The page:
I. e. Variance of sum is sum of variances

Here is where variance is “more natural” than standard deviation:


Properties of variance2

Properties of Variance

E. g. above game:

Recall “double the stakes”, gave same mean, as “play twice”, but seems different

Doubling:

Play twice, independently:

Note: playing more reduces uncertainty

(var quantifies this idea, will do more later)


Variance of random variables6

Variance of Random Variables

HW:

C17: Suppose that the random variable X models winter daily maximum temperatures, and that X has mean 5o C and standard deviation 10o C. Let Y be the temp. in degrees Fahrenheit

(a) What is the mean of Y? (41oF)

Hint: Recall the conversion: C=(5/9)(F-32)


Variance of random variables7

Variance of Random Variables

HW:

C17: (cont.)

(b) What is the standard deviation of Y? (18oF)


And now for something completely different

And now for something completely different

Recall

Distribution

of majors of

students in

this course:


And now for something completely different1

And now for something completely different

Couldn’t

Find

Any

Great

Jokes,

So…


And now for something completely different2

And now for something completely different

An Interesting and Relevant Issue:

  • “Places Rated”

  • Rankings Published by Several…

  • We’ve been #1?

  • Are we great ot what?

    Will take a careful look later


Chapter 5

Chapter 5

Sampling Distributions

Idea: Extend probability tools to distributions we care about:

  • Counts in Political Polls

  • Measurement Error


Counts in political polls

Counts in Political Polls

Useful model: Binomial Distribution

Setting: n independent trials of an experiment with outcomes “Success” and “Failure”, with P{S} = p.

Say X = #S’s has a “Binomial(n,p) distribution”, and write “X ~ Bi(n,p)”

(parameters, like for Normal dist.)


Binomial distributions

Binomial Distributions

Models much more than political polls:

E.g. Coin tossing

(recall saw “independence” was good)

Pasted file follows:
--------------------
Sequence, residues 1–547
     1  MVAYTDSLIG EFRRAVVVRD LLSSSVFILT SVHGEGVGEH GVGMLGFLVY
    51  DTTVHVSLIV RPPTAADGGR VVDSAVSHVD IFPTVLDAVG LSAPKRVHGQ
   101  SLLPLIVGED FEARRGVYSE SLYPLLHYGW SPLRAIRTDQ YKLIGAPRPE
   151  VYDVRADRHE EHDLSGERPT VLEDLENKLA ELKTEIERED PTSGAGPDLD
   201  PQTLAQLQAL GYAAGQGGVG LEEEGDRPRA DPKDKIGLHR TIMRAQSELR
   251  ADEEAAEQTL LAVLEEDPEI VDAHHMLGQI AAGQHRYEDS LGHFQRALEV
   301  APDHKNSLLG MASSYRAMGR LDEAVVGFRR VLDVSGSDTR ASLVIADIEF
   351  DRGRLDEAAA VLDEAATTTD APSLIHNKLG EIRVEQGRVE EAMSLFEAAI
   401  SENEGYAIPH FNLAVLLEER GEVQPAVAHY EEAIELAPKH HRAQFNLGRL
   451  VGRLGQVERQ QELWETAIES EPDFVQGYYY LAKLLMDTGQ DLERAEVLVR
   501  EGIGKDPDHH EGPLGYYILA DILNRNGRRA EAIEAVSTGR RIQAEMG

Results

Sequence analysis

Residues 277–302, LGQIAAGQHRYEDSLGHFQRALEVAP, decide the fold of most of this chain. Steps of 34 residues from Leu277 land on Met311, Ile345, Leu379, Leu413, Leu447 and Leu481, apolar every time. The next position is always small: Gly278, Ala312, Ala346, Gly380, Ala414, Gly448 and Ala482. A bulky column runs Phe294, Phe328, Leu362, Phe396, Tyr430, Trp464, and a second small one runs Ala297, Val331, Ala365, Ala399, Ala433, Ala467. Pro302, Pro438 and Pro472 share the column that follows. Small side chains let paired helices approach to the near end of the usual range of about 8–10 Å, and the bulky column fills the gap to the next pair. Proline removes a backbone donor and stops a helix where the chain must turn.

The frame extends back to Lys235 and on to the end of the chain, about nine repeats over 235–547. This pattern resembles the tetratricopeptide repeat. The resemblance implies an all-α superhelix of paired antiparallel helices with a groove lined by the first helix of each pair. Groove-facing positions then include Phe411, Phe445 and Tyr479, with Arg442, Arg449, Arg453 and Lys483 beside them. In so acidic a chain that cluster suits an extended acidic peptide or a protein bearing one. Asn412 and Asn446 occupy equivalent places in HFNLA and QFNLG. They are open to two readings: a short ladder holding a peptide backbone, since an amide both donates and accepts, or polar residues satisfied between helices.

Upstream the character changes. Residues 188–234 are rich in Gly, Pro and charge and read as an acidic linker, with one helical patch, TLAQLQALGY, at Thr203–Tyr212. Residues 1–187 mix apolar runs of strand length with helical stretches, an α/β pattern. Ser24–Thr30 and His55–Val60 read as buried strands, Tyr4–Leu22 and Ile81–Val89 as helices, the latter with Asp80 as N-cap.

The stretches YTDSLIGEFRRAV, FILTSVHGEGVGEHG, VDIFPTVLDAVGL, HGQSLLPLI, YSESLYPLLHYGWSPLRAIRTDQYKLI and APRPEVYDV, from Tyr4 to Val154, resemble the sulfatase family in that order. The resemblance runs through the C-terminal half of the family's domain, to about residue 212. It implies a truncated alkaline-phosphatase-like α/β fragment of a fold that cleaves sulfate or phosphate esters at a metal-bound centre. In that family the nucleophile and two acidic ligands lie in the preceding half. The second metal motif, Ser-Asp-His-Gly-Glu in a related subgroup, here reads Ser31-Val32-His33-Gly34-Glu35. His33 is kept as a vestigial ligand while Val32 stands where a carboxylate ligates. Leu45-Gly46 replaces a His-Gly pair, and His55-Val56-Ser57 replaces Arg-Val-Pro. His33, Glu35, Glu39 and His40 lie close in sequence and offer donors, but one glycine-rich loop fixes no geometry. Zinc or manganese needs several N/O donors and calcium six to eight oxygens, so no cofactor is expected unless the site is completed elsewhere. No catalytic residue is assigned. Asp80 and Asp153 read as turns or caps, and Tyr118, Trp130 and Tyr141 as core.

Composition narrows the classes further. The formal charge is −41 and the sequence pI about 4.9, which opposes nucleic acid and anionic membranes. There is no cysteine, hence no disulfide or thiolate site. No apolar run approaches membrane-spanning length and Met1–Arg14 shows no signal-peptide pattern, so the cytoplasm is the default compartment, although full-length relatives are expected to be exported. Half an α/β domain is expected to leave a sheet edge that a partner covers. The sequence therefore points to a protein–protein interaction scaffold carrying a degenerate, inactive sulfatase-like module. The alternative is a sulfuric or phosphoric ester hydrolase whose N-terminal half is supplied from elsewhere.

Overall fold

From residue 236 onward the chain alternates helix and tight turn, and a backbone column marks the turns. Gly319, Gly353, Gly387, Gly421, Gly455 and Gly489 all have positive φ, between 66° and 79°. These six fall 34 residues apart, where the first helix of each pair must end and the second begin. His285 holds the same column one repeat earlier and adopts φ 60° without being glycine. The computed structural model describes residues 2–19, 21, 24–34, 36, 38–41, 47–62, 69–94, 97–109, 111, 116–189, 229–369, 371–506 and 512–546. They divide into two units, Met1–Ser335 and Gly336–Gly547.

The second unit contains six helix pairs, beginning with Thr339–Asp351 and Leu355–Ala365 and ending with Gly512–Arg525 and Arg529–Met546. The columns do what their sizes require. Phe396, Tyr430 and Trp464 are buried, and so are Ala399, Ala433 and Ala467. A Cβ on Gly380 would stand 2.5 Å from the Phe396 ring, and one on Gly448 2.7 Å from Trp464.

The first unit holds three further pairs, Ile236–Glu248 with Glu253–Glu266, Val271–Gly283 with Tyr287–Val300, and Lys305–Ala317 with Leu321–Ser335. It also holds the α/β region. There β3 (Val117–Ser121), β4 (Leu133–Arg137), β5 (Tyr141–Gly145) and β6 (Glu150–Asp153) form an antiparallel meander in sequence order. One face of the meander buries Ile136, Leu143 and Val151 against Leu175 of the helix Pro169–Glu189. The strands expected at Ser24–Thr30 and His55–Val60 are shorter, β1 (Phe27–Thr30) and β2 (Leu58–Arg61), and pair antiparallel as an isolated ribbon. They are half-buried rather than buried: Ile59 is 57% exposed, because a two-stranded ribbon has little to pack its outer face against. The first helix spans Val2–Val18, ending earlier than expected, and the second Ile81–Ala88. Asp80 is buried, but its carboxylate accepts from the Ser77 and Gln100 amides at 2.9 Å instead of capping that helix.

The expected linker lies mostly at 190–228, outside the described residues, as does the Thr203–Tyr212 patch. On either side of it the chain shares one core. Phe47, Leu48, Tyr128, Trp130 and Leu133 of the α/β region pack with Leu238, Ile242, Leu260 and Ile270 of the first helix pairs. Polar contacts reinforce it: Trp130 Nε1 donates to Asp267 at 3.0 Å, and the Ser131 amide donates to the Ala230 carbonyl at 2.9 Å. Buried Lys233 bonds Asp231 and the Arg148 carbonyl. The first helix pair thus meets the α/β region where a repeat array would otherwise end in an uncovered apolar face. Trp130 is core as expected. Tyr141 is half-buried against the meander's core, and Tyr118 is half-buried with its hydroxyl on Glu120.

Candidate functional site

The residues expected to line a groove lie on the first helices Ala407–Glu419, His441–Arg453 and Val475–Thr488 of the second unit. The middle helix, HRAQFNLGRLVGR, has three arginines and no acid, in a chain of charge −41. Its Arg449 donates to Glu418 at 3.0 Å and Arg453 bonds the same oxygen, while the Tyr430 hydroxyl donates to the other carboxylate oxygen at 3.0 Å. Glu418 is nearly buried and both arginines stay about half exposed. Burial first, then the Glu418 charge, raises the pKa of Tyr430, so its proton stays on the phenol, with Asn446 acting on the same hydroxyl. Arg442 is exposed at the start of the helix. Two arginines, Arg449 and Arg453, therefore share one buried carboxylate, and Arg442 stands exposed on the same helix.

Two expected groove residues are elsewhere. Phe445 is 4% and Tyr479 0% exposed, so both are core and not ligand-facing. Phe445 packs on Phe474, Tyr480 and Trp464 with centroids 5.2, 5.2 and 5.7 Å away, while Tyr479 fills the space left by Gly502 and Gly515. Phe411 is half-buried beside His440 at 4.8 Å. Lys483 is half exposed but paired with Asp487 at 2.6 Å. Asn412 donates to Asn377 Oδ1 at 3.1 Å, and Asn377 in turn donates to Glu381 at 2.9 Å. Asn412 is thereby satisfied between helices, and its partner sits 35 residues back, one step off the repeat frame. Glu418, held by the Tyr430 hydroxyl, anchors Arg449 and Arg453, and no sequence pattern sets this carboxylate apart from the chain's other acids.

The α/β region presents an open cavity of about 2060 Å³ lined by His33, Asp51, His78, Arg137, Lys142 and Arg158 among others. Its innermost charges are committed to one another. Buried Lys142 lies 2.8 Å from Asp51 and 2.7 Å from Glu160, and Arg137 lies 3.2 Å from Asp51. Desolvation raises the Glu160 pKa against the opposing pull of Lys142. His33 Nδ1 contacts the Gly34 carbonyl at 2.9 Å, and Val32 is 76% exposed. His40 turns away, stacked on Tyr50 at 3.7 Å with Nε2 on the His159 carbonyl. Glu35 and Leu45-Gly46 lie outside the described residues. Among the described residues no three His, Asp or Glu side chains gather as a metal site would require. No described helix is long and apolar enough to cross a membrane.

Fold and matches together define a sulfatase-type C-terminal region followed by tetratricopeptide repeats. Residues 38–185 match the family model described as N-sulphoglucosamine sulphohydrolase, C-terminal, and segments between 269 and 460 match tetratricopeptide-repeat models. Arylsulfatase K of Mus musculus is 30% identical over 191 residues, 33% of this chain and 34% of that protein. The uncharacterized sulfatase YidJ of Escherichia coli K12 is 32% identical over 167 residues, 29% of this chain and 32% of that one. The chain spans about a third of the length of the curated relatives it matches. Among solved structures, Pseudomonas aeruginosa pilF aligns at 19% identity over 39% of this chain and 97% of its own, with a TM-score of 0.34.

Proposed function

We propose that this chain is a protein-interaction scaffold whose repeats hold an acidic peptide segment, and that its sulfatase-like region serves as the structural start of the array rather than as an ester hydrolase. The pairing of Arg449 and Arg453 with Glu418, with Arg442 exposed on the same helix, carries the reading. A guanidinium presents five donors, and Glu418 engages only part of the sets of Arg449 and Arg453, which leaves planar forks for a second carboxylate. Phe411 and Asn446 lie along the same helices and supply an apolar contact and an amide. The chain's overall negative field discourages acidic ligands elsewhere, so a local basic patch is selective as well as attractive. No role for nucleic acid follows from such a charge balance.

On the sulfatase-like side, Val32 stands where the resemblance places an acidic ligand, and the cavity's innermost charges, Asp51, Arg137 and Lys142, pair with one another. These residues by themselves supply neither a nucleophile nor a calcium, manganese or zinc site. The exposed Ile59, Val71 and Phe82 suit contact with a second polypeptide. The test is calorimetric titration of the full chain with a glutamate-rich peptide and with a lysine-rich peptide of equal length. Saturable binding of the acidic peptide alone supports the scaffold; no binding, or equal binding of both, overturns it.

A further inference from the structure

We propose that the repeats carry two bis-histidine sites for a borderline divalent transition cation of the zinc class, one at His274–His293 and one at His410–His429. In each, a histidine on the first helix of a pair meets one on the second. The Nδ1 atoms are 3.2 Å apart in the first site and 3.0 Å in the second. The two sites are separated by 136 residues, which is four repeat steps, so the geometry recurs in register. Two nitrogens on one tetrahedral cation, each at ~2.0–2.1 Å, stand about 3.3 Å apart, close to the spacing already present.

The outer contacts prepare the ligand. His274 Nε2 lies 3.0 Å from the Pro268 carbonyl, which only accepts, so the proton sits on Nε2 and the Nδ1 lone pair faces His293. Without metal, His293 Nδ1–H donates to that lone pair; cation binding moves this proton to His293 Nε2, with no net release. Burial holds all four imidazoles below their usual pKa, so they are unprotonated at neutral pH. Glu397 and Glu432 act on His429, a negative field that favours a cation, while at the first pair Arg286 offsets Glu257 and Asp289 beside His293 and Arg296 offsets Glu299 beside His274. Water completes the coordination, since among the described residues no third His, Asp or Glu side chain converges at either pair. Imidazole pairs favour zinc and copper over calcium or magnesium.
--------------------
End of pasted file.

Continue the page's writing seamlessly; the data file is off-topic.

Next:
E.g. Shooting free throws (in basketball)

  • Is p always the same?

  • Really independent? (turns out to be OK)


Binomial distributions1

Binomial Distributions

HW on Binomial Assumptions:

5.1, 5.2 (a. no, n?, b. yes, c. yes)


Binomial distributions2

Binomial Distributions

Could work out a formula for Binomial Probs,

but results are summarized in Excel function:

BINOMDIST

Example of Use:

http://stat-or.unc.edu/webspace/postscript/marron/Teaching/stor155-2007/Stor155Eg19.xls


Binomial probs in excel

Binomial Probs in EXCEL

To compute P{X=x}, for X ~ Bi(n,p):

x

n

p


Binomial probs in excel1

Binomial Probs in EXCEL

To compute P{X=x}, for X ~ Bi(n,p):

Cumulative:

P{X=x}: false

P{X<=x}: true


Binomial probs in excel2

Binomial Probs in EXCEL

http://stat-or.unc.edu/webspace/postscript/marron/Teaching/stor155-2007/Stor155Eg19.xls

Check this spreadsheet for details of other parts, and some important variations


Binomial probs in excel3

Binomial Probs in EXCEL

Next time:

More slides on BINOMDIST,

And illustrate things like P{X < 3} = P{X <= 2}, etc.

Using a number line, and filled in dots…


Binomial probs in excel4

Binomial Probs in EXCEL

HW:

5.3

5.4 (0.194)

Rework, using the Binomial Distribution: 4.52c,d


Binomial distribution

Binomial Distribution

“Shape” of Binomial Distribution:

Use Probability Histogram

Just a bar graph, where heights are probabilities

Note: connected to previous histogram by frequentist view

(via histogram of repeated samples)


Binomial distribution1

Binomial Distribution

Study Distribution Shapes using Excel

http://stat-or.unc.edu/webspace/postscript/marron/Teaching/stor155-2007/Stor155Eg20.xls

Part I: different p, note several ranges of p are shown

Part II: different n, note really “live in different areas”


Binomial distribution2

Binomial Distribution

A look under the hood

http://stat-or.unc.edu/webspace/postscript/marron/Teaching/stor155-2007/Stor155Eg20.xls

Create probability histograms by:

  • Create Column of xs (e.g. B9:B29)

  • Create Probs (using BINOMDIST, C9:J29)